In this talk, Dr Paul-Francois Tremlett focuses on two organisations which campaign on human rights in the Philippines – the Campaign for Human Rights in the Philippines based in London, and IBON International, which has offices in Manila and Brussels.
Focusing on their use of information communication technologies, documentation of some of their offline and online campaigns and, exploration of the attitudes of activists towards digital activism, this event explores the materialisation of transnational political publics through affect.
Dr Tremlett will document some of their pre and post-pandemic campaigns, as well as their use of social media platforms such as Twitter, and discuss the attitudes of activists towards digital platforms as sites and occasions for activism.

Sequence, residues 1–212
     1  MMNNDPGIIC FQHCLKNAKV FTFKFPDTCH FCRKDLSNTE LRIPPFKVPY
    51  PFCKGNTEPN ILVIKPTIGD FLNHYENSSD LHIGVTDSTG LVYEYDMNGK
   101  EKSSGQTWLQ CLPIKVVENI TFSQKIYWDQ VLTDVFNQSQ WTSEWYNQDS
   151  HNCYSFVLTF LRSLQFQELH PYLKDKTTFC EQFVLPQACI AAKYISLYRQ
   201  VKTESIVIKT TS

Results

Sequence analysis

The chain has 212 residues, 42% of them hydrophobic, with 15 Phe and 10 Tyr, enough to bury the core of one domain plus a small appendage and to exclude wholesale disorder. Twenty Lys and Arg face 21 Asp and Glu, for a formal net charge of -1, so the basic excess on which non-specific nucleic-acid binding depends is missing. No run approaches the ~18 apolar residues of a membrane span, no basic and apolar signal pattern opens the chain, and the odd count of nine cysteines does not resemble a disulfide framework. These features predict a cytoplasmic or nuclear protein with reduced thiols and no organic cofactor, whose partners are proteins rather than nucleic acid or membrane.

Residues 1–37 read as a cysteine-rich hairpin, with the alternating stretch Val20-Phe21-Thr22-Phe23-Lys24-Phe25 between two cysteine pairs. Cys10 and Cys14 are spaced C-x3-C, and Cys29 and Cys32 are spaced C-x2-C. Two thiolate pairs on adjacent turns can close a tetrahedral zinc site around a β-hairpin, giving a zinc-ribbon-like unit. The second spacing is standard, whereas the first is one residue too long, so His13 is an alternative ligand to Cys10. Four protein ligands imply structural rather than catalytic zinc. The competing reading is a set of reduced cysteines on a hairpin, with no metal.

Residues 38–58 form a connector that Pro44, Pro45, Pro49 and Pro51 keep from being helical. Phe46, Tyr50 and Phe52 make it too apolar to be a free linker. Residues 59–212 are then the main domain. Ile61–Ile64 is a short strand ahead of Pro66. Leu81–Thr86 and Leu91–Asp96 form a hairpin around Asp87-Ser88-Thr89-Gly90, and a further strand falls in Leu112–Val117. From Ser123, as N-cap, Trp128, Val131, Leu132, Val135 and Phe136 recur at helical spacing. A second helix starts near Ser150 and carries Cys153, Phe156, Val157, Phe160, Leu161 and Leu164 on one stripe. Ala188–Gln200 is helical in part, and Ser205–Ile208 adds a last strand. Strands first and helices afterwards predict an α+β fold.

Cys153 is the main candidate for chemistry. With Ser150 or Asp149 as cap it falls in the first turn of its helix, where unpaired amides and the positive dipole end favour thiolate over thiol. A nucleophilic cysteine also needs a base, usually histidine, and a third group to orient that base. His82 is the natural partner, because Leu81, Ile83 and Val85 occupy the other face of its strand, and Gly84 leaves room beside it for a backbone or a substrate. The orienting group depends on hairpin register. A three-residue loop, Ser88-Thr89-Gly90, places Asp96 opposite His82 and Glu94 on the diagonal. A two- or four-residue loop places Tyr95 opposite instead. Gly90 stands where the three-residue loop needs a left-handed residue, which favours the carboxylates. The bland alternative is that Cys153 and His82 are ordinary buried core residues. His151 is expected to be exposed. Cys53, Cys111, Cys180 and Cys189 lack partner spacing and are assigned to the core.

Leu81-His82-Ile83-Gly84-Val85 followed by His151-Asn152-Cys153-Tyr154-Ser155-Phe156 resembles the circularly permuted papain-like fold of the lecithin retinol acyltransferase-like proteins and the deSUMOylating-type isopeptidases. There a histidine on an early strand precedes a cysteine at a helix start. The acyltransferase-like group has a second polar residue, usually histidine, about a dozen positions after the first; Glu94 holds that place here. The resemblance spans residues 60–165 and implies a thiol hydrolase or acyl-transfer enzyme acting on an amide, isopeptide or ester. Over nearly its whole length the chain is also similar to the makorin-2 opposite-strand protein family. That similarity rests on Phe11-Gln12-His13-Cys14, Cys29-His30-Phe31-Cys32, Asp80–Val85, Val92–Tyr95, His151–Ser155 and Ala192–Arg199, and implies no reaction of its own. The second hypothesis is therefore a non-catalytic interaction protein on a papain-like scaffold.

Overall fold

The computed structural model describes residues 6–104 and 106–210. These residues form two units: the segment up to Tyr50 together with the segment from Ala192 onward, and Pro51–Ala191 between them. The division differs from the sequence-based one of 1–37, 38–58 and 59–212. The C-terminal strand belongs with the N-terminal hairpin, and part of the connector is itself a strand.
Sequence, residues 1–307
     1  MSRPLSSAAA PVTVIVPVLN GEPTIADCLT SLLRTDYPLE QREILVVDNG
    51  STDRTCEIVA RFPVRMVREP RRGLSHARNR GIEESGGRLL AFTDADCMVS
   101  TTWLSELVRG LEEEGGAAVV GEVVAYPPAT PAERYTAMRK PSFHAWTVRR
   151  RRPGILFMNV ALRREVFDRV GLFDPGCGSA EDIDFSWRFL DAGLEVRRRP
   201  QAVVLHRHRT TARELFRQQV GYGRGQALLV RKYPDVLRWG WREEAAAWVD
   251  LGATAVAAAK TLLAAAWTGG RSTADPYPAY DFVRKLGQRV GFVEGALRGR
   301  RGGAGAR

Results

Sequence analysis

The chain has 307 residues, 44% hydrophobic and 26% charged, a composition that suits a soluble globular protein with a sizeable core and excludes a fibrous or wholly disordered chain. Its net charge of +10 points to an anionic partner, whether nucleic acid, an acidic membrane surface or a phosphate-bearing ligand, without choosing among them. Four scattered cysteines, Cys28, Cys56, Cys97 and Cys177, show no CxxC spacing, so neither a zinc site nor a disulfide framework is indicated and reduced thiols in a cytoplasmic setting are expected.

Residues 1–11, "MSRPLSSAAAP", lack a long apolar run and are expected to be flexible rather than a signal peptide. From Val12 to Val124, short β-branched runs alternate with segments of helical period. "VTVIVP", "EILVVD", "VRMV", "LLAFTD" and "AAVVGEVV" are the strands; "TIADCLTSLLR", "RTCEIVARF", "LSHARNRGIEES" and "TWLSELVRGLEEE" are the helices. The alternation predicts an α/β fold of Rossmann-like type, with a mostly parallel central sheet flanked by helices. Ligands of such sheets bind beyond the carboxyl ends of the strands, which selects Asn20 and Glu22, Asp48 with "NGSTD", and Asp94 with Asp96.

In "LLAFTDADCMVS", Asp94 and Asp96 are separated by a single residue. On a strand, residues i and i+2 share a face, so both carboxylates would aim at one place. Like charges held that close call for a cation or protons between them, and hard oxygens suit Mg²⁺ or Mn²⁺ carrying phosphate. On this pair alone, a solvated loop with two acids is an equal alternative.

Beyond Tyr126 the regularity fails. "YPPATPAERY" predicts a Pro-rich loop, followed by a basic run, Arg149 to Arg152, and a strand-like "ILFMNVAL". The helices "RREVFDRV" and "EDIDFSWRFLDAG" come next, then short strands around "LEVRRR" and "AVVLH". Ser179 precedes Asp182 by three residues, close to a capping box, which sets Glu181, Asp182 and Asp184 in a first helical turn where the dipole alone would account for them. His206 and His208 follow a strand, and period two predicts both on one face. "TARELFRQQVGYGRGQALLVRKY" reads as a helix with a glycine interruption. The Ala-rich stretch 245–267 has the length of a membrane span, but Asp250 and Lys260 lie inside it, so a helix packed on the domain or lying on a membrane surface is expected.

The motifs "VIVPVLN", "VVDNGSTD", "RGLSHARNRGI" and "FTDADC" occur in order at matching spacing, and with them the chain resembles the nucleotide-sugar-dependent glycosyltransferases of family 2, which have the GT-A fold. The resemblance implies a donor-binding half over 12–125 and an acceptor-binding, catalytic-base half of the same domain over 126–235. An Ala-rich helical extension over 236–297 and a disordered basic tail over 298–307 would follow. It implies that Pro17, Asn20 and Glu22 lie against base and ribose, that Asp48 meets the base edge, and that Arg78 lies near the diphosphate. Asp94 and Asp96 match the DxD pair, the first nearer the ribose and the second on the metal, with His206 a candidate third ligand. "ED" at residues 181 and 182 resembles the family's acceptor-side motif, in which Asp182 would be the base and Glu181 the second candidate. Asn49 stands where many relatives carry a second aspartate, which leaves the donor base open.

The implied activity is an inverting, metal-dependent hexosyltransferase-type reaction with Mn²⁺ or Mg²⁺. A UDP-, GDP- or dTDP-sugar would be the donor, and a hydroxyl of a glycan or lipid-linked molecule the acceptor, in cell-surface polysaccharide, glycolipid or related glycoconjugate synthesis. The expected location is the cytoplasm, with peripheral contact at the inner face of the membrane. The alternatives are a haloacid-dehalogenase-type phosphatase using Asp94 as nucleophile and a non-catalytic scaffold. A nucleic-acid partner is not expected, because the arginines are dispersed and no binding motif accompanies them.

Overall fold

The central question that will be addressed concerns the durability of affective publics, turning to Emile Durkheim’s writings on religion, the sacred and morality (Durkheim 1915 and 1960), and in particular his conception of contagious, affective effervescence and its ritual release through an assemblage of people and things he called “totemism”. Dr Tremlett argues that Durkheim’s work might be used to establish a post-secular framework for thinking through contemporary conjunctions of politics, emotion and communication technologies and the formation of moral publics.
The session will conclude with suggestions that even as these publics ebb and flow, their moral force remains.